Bishop Charles Morerod, the newest bishop in the Catholic Church, is ready to evangelize Switzerland, despite the size of the challenge.
Upon his appointment to Lausanne, Geneva and Fribourg in Switzerland he disarmed the Swiss media by admitting, “in all frankness, I was hoping that the choice would not fall on me,” but “what the Pope wants, you cannot refuse.”
The 50-year-old Swiss Dominican was ordained a bishop on Sunday after spending the past 15 years in Rome, most recently as the rector of the Pontifical University of St. Thomas Aquinas. He is also Secretary General of the International Theological Commission and a consultant for the Vatican’s Congregation for the Doctrine of the Faith.
“It is quite frightening,” he told CNA before he left Rome for his new post. “And the only reason that I’m not too afraid is that when God calls he also helps, and I know that because I have noticed that in my life already.”
Bishop Morerod returned to a homeland where Catholics are statistically the majority – 42 percent of the population – but where secularization has eaten away at the practice of that faith in recent decades.
It is in these types of traditionally Christian countries that Pope Benedict XVI wants to launch a “new evangelization.”
“If we compare the new evangelization to the first one,” said Bishop Morerod, “in a sense, we now have to speak to people who think they know Christianity and who think they know it well enough to know there is nothing to be found there – or are even who are in reaction to it.”
The Christian gospel was first preached to the people of Switzerland in the third century. Bishop Morerod said that, in comparison, the task now is “more difficult” but is still “worth it.”
“I would like people to know it is beautiful to be a believer. Oddly enough, it seems that many don’t even suspect that. There is a very deep ignorance of faith. I think that could be addressed.”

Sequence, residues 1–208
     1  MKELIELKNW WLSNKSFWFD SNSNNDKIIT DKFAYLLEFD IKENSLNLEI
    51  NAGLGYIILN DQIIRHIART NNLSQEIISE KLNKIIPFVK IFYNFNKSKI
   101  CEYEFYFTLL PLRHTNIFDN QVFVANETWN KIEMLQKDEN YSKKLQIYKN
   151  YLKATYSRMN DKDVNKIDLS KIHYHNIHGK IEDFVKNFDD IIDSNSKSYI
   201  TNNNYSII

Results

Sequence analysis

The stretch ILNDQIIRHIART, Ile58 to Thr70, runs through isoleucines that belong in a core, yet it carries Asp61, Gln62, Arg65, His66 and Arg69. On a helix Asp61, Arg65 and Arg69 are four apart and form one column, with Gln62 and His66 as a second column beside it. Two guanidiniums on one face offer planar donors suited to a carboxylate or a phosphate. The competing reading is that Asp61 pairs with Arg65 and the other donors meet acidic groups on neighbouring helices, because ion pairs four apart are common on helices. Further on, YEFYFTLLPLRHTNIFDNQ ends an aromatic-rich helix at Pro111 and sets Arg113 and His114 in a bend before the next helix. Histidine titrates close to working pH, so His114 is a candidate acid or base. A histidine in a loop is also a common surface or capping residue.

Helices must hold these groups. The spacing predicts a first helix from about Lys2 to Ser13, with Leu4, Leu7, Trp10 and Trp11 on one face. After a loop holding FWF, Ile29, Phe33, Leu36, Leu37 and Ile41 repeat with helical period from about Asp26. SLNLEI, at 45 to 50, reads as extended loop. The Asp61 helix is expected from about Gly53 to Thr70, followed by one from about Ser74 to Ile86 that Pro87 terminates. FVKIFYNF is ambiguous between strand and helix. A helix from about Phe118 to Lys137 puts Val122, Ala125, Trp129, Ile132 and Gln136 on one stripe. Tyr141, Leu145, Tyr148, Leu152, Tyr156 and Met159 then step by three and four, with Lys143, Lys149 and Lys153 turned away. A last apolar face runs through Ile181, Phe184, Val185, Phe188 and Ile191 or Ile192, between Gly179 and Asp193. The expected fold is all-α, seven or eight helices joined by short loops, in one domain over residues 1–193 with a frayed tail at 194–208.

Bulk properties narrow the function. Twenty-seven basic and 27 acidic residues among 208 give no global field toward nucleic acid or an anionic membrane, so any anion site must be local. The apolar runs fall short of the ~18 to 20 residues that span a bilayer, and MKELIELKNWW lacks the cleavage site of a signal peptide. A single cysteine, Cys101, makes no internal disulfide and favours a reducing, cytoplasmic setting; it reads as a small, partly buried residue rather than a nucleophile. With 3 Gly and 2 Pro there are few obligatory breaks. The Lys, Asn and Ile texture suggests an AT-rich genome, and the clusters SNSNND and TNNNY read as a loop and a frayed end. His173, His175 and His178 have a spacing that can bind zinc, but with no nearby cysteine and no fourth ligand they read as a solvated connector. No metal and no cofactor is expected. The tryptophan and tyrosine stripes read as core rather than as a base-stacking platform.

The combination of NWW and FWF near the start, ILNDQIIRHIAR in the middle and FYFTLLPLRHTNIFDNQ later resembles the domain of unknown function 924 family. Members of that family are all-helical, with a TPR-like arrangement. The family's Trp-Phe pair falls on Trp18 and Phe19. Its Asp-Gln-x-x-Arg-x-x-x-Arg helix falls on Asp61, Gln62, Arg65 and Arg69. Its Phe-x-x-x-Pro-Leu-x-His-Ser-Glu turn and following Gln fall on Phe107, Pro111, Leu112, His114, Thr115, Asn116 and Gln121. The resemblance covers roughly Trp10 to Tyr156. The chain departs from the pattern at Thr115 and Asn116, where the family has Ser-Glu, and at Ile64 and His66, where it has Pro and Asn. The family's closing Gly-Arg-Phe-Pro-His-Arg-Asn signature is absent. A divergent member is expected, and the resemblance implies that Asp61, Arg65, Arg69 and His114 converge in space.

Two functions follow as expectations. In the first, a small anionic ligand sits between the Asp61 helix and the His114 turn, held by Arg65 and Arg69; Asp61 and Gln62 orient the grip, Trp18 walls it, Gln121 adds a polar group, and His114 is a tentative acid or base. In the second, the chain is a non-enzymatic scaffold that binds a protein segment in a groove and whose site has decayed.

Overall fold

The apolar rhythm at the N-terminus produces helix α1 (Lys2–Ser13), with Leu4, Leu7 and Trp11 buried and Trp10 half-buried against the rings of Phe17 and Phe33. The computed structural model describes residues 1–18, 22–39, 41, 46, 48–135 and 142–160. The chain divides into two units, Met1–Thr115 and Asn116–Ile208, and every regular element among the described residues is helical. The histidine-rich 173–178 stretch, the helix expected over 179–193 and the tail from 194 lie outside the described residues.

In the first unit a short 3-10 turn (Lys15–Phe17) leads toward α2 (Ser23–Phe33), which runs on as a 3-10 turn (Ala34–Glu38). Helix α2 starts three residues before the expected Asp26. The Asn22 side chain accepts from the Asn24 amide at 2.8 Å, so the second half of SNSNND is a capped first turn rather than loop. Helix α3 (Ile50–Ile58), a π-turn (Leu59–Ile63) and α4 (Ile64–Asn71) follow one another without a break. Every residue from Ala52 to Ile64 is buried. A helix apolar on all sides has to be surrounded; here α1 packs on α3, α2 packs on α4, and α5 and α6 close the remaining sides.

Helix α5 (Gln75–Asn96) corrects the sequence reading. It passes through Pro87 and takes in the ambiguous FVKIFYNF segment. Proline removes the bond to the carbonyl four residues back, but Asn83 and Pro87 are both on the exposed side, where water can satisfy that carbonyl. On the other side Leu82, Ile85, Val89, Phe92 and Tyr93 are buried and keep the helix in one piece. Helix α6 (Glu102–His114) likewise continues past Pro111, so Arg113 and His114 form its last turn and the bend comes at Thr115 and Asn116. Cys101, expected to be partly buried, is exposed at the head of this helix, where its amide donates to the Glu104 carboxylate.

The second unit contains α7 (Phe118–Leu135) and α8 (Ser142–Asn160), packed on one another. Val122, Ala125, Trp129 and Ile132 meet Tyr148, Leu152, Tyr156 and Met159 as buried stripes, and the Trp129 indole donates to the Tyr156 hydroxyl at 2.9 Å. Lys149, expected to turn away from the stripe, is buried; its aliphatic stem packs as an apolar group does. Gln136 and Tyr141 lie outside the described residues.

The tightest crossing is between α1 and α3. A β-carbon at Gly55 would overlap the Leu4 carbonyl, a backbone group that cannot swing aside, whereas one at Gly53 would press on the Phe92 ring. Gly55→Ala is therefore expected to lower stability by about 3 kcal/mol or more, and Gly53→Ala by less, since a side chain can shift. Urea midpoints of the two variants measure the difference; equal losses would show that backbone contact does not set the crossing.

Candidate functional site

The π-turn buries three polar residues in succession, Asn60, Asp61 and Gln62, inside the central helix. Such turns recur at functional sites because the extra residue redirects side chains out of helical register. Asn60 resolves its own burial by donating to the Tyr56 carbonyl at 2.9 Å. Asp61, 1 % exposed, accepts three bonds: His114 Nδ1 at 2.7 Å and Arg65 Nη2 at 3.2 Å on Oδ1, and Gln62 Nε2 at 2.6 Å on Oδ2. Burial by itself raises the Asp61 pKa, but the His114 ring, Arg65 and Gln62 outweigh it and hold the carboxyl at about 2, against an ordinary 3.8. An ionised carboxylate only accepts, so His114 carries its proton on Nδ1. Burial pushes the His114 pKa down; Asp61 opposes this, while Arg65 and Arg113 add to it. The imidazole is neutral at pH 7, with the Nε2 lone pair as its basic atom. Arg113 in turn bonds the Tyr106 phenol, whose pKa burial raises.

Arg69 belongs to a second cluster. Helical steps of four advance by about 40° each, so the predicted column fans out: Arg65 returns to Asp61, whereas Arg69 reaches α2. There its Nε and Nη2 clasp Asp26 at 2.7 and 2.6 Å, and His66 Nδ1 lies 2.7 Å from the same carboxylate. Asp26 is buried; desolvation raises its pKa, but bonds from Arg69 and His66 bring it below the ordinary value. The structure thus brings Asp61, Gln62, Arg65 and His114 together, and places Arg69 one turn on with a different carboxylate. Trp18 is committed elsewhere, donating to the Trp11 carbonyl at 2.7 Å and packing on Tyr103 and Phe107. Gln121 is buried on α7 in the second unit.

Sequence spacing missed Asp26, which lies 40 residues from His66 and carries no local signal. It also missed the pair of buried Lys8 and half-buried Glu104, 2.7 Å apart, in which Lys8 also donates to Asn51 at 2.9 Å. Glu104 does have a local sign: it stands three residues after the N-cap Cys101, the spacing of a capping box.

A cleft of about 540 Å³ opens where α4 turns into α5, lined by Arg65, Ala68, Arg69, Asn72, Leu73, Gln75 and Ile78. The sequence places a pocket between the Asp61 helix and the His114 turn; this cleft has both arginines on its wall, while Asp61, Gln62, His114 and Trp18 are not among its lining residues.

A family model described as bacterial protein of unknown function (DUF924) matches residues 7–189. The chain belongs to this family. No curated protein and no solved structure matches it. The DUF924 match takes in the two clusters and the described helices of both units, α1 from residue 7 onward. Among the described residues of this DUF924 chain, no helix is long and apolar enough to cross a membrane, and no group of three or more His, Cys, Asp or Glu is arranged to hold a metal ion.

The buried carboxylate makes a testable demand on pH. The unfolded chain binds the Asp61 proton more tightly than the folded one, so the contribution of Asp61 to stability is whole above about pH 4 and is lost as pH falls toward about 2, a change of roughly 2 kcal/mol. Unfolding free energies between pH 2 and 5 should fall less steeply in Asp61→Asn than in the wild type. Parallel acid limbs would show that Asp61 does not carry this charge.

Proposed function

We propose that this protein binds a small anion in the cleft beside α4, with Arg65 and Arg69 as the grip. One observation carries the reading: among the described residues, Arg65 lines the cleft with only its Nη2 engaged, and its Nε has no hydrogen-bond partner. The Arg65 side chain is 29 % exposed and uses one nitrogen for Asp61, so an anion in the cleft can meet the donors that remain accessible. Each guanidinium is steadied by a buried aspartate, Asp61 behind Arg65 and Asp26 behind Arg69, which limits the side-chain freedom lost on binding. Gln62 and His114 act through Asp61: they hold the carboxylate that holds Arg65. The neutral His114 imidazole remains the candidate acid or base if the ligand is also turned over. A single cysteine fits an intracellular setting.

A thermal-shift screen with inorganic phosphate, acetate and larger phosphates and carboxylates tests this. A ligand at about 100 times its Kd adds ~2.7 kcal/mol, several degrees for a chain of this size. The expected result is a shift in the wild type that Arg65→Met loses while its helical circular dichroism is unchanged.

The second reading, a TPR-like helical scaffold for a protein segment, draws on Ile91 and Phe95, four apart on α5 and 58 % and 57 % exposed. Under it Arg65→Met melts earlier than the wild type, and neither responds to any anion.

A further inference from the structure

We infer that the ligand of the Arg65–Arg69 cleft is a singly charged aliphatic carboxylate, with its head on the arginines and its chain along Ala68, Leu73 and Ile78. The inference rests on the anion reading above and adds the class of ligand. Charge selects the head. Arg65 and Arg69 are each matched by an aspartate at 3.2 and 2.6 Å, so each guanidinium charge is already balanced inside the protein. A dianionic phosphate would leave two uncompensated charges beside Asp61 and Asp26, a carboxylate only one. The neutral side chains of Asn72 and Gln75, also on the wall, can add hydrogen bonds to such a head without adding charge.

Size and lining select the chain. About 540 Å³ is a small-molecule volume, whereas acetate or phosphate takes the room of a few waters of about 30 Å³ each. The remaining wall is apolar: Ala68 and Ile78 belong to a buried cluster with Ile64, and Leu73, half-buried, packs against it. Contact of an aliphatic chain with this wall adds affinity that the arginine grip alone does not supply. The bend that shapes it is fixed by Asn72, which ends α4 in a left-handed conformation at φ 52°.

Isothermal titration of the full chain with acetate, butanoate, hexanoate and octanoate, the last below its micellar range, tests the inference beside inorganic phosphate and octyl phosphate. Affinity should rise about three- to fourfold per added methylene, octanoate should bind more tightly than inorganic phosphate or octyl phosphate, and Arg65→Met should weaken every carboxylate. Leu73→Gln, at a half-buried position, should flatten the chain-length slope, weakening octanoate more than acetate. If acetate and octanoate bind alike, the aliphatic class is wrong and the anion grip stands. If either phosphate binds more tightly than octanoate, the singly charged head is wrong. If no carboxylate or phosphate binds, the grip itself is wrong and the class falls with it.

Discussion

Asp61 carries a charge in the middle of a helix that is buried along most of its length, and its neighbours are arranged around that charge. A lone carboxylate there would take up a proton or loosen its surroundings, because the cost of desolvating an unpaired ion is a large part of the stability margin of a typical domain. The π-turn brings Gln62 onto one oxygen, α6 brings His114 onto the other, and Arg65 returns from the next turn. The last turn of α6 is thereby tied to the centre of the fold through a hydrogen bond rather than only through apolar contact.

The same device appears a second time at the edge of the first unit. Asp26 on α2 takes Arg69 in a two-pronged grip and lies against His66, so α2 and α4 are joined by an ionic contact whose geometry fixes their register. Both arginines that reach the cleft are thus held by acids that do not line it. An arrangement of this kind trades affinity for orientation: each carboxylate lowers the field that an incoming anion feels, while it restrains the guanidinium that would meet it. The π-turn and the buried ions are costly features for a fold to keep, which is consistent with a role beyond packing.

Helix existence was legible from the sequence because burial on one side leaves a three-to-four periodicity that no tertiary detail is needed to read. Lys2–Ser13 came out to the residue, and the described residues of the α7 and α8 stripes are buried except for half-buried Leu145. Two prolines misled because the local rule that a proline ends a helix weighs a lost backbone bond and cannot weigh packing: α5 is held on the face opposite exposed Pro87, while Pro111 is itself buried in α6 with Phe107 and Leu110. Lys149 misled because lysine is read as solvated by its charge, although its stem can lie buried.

He is also convinced that the current experience of the Church offers many reasons for hope, beginning with “trust in God and the Holy Spirit,” as well as the increasing thirst for reasons to believe in God, Jesus and the Catholic Church.
“I have been quite surprised by the number of questions I’ve received on Facebook since my appointment was announced,” he said. Most of those questions come from “people who say, ‘I’ve been asking this question for years but never found anybody who would reply with some answers.’”
Bishop Morerod says that he has also been asked many questions about “the relationship between faith and reason” by journalists, although they are usually tied to hot button moral issues.
“I try to tell them that Jesus did not choose saints as his apostles or disciples but that they became saints because they were with him,” said Bishop Morerod, making that point that “morality is not a starting point but is rather a consequence” of a relationship with Jesus Christ.
With that relationship as the starting point, he said, the Church can explain how Christian morality can help “build a better society.” At the same time, convincing people of the goodness of Christianity also requires avoiding scandals, he pointed out.
Fundamentally, Bishop Morerod believes that the evangelization of countries like Switzerland is ambitious but realistic, “because basically if I did not think it was possible I would do something else with my life.”
Despite being a native of the Fribourg region, the new bishop is eager to reacquaint himself with his homeland after a decade and a half in Italy. While Rome “is a beautiful city,” he finds it “more pleasant” to live in “more or less in the countryside of Switzerland.”
But he will miss the many friends and students he has gotten to know and love during his time in Rome.
“As a professor I hope I have helped some students,” he said, recalling how he received a message a few days ago from a former student who told him, “I was in a bus in Albania and I was surrounded by Jehovah’s Witnesses and thanks to your class I could speak to them in favor of the Trinity, so I must thank you.”